Mary Howitt released this poem in 1829. In the poem’s opening line, the Spider asks the Fly, “Will you go inside my parlour?” The tale describes a crafty spider that seduces and tricks a fly into getting caught in its web. When it comes to tricks and treats one must be careful.

Moral of the poem: Don’t be tricked by statements that seem nice and flattering. You might find yourself caught in a web that you can’t escape. Now that’s a horrifying thought, isn’t it?

3. Song of the Witches: “Double, double toil and trouble” – by William Shakespeare

Photo by Buu011fra
Double, double toil and trouble;
Fire burn and caldron bubble.
Fillet of a fenny snake,
In the caldron boil and bake;
Eye of newt and toe of frog,
Wool of bat and tongue of dog,
Adder's fork and blind-worm's sting,
Lizard's leg and howlet's wing,
For a charm of powerful trouble,
Like a hell-broth boil and bubble.

Double, double toil and trouble;
Fire burn and caldron bubble.
Cool it with a baboon's blood,
Then the charm is firm and good.

This post wouldn’t be complete without this poem by my guy, Billy. Shakespeare is one of my favorites. When you read these phrases out loud, they are certainly meant to sound as cryptic and chant-like as they do! Chanting as part of spell work is quite an ancient practice. (It’s part of the whole “words are magic” thing that you hear me say all the time). According to the witches, Macbeth would now face twice as much trouble (double the amount of problems). He should therefore be cautious. He’s in serious jeopardy because he killed everyone on his path to the throne.

Moral of the poem: What goes around comes around and for the love of the gods don’t piss off the witches.

4. “A Chilly Night” – by Christina Rossetti

Photo by Faruk
I rose at the dead of night,
And went to the lattice alone
To look for my Mother’s ghost
Where the ghostly moonlight shone.

My friends had failed one by one,
Middle-aged, young, and old,
Till the ghosts were warmer to me
Than my friends that had grown cold.

I looked and I saw the ghosts
Dotting plain and mound:
They stood in the blank moonlight,
But no shadow lay on the ground:
They spoke without a voice
And they leaped without a sound.

I called: ‘O my Mother dear,’—
I sobbed: ‘O my Mother kind,
Make a lonely bed for me
And shelter it from the wind.

‘Tell the others not to come
To see me night or day:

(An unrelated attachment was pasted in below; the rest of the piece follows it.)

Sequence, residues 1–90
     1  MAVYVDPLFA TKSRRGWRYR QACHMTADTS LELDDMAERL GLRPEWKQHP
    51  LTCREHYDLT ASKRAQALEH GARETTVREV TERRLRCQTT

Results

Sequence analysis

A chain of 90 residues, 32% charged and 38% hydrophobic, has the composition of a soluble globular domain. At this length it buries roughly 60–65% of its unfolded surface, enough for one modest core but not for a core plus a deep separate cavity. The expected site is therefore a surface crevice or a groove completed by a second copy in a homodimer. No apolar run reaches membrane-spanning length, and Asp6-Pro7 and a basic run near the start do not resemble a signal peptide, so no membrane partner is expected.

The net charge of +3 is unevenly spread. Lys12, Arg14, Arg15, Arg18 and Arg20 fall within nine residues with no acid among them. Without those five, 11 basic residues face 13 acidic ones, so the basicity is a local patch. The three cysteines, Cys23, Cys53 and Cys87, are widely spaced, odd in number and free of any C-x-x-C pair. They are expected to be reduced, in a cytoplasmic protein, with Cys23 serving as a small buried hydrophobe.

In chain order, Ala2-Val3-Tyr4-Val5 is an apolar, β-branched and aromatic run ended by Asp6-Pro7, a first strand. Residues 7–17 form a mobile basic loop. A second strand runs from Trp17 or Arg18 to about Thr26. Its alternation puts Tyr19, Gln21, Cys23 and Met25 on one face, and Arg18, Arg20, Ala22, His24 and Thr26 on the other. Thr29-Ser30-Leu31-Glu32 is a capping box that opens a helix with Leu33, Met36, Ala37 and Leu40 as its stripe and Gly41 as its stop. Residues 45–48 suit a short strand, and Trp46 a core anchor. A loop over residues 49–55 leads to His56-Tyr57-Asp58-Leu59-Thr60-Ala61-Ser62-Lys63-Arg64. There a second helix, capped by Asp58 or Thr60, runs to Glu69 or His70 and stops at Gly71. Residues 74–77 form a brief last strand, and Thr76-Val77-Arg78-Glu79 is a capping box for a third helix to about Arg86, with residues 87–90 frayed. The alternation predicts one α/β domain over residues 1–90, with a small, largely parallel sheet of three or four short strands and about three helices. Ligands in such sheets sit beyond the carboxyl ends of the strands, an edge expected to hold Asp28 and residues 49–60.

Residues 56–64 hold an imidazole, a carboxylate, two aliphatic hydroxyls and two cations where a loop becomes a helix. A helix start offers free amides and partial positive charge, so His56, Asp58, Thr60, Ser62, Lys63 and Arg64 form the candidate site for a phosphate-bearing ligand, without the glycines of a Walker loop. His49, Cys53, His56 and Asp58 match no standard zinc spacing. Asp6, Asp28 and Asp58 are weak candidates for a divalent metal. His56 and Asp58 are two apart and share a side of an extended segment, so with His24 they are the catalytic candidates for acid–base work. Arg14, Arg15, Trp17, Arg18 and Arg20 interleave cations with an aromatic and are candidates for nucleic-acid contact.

But I need not tell my friends
To be sure to keep away.’

My Mother raised her eyes,
They were blank and could not see:
Yet they held me with their stare
While they seemed to look at me.

She opened her mouth and spoke;
I could not hear a word,
While my flesh crept on my bones
And every hair was stirred.

She knew that I could not hear
The message that she told
Whether I had long to wait
Or soon should sleep in the mould:
I saw her toss her shadowless hair
And wring her hands in the cold.

I strained to catch her words,
And she strained to make me hear;
But never a sound of words
Fell on my straining ear.

From midnight to the cockcrow
I kept my watch in pain
While the subtle ghosts grew subtler
In the sad night on the wane.

From midnight to the cockcrow
I watched till all were gone,
Some to sleep in the shifting sea
And some under turf and stone:
Living had failed and dead had failed,
And I was indeed alone.

Okay, so this one is pretty deep. It was quite necessary to post the entire poem and not just an excerpt. Rosetti was a true master of horror and her poems clearly show it. Originally published in 1904, the poem explores elements of death, ghosts, and loneliness. The poem is about a young girl who is alone and wakes up at night to look for her dead mother’s ghost. In the moonlight, she sees the apparition of her mother and other ghosts. Her mother is trying to talk to her, but she can’t hear her. When her mother and the other ghosts leave for the night, she is left alone. It is a poem about feeling very alone, angry, and sad. The girl’s mother can’t talk to her, and the girl is scared and confused about what she wanted to say to her.